Second, Emerald Physics has eliminated the "box" of most conventional speaker designs. The drivers are mounted directly onto a rigid 3 3/4"-thick baffle with no surrounding cabinetry. Thus, the baskets, magnets and wiring of the individual drivers are there for all to see -- a challenge to the wife-acceptance factor. In addition to saving the customer the expense of a large, heavily braced enclosure, this design is said to preserve the pitch and harmonic beauty of instruments, ensure flat bass response and eliminate impedance swings.

Third, a step toward the elimination of dynamic compression is achieved through the use of very efficient professional speaker components. With an efficiency of 93dB (97dB biamped), the CS2P reaches exceptional levels of dynamics and power handling. Such efficiency also enables the speakers to be used with low-power or inexpensive amps and still sound good.

Finally, due to the high efficiency and easy load presented to the amplifier, the CS2P is amp friendly and can reach very successful performance levels without the necessity of tubes further up the chain and exotic cables.

Even without a cabinet, the CS2Ps are heavy, weighing 85 pounds each. They stand 50 1/2" high, 22" wide and 16" deep (at the base). The woofer is manufactured in the US and the tweeter overseas, but both are easily available if replacement is necessary. They are firmly attached to the frame of the specially manufactured MDF baffle, locally sourced in Colorado where the speakers are assembled. The frame is rigid and solid. The review speakers had the optional automotive tri-coat black finish ($1200 extra), and they looked great. Protruding from the rear of the frame are the backs of the drivers. There is nothing esoteric or precious about these speakers. They are built solidly and without pretense. The crossovers, contained in nicely finished black metal boxes, fit neatly on the base of the speakers. I put them on back issues of Stereophile to provide some damping and protect the surfaces of the bases. Removing the jumpers enables biamping. I initially chose to run the speakers with one stereo amp, so I left the jumpers in place.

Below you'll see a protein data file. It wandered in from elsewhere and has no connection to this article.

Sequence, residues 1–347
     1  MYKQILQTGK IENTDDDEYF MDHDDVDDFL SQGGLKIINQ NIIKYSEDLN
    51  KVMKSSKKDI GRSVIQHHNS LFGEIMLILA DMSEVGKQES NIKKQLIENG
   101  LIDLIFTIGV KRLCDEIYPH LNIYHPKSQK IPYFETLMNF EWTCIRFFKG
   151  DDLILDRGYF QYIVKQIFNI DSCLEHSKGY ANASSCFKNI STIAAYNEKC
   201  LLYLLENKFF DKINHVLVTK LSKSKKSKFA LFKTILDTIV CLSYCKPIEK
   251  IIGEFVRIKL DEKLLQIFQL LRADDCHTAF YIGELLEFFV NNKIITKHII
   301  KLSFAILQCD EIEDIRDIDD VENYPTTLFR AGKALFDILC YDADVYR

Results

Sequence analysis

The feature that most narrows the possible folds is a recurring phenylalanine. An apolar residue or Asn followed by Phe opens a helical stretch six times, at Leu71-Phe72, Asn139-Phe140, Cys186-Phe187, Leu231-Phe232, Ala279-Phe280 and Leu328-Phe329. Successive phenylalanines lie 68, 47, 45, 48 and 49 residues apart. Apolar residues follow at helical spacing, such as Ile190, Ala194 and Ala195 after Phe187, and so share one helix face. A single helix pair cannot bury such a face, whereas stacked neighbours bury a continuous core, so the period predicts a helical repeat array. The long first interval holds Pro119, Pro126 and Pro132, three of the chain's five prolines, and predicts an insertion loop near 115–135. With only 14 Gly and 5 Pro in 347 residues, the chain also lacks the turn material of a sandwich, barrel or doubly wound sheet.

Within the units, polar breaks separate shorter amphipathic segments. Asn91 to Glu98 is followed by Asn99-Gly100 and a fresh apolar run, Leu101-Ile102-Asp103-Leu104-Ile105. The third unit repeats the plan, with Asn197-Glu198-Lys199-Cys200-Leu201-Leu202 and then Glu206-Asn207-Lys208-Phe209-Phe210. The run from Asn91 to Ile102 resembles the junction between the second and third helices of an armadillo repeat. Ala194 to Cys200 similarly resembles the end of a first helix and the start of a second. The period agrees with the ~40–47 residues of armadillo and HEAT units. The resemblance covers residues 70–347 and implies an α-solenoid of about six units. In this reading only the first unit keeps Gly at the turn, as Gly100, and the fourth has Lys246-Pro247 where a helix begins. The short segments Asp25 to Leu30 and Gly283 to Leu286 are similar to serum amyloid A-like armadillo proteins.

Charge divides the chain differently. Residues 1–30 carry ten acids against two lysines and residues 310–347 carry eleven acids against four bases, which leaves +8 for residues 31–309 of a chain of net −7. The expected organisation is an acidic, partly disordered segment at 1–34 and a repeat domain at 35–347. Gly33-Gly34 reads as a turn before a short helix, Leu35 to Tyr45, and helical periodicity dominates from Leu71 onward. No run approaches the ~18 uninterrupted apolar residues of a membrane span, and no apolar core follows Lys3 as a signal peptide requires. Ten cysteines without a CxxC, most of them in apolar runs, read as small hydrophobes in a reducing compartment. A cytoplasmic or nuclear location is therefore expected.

The CS2Ps were delivered in three boxes: one each for the speakers and one for the bases. Each speaker was sturdily packed in its box and the bases were likewise packed with care. Unpacking the speakers is a two-man operation -- these speakers are large, somewhat ungainly and heavy! The bases are attached to the bottom with six Allen-head screws. Determining that laying the speakers face down on a sofa with the base on the armrest would facilitate assembly, I recruited a friend to help wrestle the speakers into place.